25 January 2013
Reduce stress with a hug
According to new research from the University of Vienna, hugging is not only a great way to bond but has many physical benefits. A hormone released during a good cuddle, oxytocin, lowers blood pressure, reduces stress and anxiety and can even improve memory.
Oxytocin is primarily known for increasing bonding, social behaviour and closeness between parents, children and couples. Increase levels of the hormone can be found, for example, in people in functional relationships.
Neurophysiologist Jürgen Sandkühler, said, “The positive effect only occurs, however, if the people trust each other, if the associated feelings are present mutually and if the corresponding signals are sent out.”
It is important to be selective with your hugs. Giving someone a polite embrace will have the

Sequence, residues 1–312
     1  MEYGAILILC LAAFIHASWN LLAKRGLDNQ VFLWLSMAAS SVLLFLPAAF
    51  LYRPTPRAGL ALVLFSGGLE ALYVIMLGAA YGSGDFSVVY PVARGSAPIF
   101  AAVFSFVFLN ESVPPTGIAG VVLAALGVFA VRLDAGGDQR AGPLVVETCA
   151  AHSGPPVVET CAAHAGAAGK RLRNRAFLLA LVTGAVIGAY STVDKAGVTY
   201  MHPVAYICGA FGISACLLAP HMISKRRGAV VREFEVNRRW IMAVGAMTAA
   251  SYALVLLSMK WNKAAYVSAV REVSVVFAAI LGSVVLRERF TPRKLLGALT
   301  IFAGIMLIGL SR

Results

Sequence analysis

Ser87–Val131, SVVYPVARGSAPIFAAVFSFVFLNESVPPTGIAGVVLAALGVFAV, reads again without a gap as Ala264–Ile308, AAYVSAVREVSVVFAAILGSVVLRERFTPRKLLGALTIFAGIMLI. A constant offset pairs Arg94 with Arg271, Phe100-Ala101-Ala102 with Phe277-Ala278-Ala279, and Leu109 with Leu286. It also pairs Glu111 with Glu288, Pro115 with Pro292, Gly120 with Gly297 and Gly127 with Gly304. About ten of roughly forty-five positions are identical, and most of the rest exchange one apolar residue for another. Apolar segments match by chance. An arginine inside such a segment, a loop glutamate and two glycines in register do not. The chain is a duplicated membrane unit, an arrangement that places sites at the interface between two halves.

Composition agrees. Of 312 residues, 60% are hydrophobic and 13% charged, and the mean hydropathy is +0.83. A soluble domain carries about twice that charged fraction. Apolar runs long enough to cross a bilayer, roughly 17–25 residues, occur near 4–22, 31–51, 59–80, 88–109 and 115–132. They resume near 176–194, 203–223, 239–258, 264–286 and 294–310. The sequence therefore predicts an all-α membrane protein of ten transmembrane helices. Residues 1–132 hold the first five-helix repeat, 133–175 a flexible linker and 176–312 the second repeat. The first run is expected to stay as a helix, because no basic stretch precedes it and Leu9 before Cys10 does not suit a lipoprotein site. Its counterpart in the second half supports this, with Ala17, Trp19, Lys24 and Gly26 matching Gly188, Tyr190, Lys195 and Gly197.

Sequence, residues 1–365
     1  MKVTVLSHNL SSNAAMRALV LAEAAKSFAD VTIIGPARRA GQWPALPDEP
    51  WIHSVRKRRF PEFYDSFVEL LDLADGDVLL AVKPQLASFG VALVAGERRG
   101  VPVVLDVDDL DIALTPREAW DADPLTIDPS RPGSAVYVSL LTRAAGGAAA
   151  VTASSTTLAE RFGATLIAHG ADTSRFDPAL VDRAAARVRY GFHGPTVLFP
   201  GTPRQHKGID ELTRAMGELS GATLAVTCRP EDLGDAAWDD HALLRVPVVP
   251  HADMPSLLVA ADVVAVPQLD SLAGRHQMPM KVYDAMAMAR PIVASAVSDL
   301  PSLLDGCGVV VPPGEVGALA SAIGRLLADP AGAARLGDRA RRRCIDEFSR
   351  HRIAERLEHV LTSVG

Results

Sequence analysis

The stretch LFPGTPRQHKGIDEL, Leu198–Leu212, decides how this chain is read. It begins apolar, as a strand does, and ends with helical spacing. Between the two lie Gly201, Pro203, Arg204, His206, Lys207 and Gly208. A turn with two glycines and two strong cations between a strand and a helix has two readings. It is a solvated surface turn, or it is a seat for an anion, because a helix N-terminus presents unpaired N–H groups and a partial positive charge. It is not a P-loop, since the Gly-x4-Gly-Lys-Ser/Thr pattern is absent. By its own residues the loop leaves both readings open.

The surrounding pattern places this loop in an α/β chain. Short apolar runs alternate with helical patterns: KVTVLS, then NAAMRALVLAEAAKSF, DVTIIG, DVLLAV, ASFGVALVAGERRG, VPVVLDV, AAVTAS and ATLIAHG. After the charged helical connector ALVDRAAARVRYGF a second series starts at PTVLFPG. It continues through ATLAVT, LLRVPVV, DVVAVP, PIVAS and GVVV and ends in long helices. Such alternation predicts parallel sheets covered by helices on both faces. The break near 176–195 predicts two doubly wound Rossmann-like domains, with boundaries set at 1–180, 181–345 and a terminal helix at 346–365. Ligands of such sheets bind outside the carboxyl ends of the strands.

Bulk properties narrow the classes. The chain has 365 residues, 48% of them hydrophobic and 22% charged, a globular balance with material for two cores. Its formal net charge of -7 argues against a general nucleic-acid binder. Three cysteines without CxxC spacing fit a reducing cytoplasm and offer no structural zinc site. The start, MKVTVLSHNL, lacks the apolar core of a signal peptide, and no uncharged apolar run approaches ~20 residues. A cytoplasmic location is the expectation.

opposite effect. When we receive unwanted hugs the hormone is not release and anxiety levels can increase.
Sandkühler added, “If people do not know each other, or if the hug is not desired by both parties, its effects are lost. This can lead to pure stress because our normal distance-keeping behaviour is disregarded. In these situations, we secrete the stress hormone cortisol. Hugging
is good, but no matter how long or how often someone hugs, it is trust that’s more important.”